Inspectors are planning to crack down on schools which enter pupils early for GCSE maths after concerns that a rise in taking exams at a younger age is damaging children’s education, said Ofsted in a report published on Tuesday. The proportion of children sitting maths before they were 16 rose from 4.5 per cent in 2008 to nearly 14 per cent in 2011. Ofsted this has led to underachievement in GCSE, with early entrants less likely to achieve an A or B grade.

GCSEs' value questioned by CBI The Independent, 23 May 2012

Business leaders in the Confederation of British Industry today questioned the value of GCSEs, over concerns that the qualification forces pupils to narrow their options too early. Neil Carberry, director for education at the CBI, said many youngsters may not be getting the breadth of education, core subjects and employability skills they will need for later in life. The CBI said it is planning to look in depth at the issue and present its findings later this year.

Mike Sheridan: Confessions of an Ofsted inspector The Independent, 23 May 2012

Richard Garner interviews Mike Sheridan, one of Ofsted’s most senior inspectors, to gain an insight into the nature of his work, which under the plans of new head Sir Michael Wilshaw is about to get a lot tougher for schools.

 Transfer of fees to students may be 'over the top' Times Higher, 24 May 2012

England may have gone "a bit over the top" in transferring the cost of university education from the state to the graduate, the coordinator of the Organisation for Economic Cooperation and Development's skills strategy has said. Andreas Schleicher, special adviser to the OECD secretary general, speaking at the launch of the strategy at a conference in London on 18 May, said the principle of stharing the costs between the state and the student was right but said the reforms had perhaps gone too far. From the autumn universities will charge students up to £9,000 a year in tuition fees. Asked if higher tuition fees would damage prospects for lifelong learning in England, he said it was essential “to figure out more clearly to whom do benefits accrue.”

Play nice and share, schools and colleges are told TES, 25 May 2012

New guidance has been drawn up by the Association of Colleges and the Association of School and College Leaders with the aim of promoting closer co-operation between rival institutions. A report in March by the AoC had found that half of all 11-18 schools were blocking FE colleges’ recruitment efforts, with the issue more of a problem since the government decided schools should be responsible for careers advice.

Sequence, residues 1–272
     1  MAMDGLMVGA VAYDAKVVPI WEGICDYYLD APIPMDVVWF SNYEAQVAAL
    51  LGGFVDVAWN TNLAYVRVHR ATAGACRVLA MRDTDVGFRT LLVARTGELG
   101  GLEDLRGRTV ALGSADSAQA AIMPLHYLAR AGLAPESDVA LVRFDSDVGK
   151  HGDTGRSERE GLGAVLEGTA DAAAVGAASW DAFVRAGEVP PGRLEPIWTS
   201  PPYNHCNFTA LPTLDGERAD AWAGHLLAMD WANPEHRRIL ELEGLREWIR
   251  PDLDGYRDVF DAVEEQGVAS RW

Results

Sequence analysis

Dawn raids lead to arrests in £1.6m fraud case TES, 25 May 2012

Three men were arrested in an investigation into a suspected £1.6 million fraud at a football apprenticeship company run by former professional players. Officers from the Serious Fraud Office and four local forces raided four houses and an office building during their inquiry into Luis Michael Training (LMT), a company set up by former Charlton Athletic and Wales defender Mark Aizlewood with ex-Middlesbrough striker Paul Sugrue. The Serious Fraud Office said LMT was suspected of producing false documents, including registration papers, progress reviews and coaching exam certificates, to falsely demonstrate to colleges and exam boards that students had successfully completed apprenticeships. Police believe that the firm made fraudulent claims to colleges for SFA cash from 2009 until it went bankrupt in 2011, worth a total of £1.6 million.


Fraud probe continues but A4e in the frame for £30m contract TES, 25 May 2012

The Skills Funding Agency has revealed that investigations are ongoing into alleged fraud at the training company A4e, despite it being the government's preferred bidder for a £30 million prison education contract. The allegations relate to A4e's education and skills contracts, and follow claims made earlier this year about the company’s welfare-to-work contracts with the Department for Work and Pensions.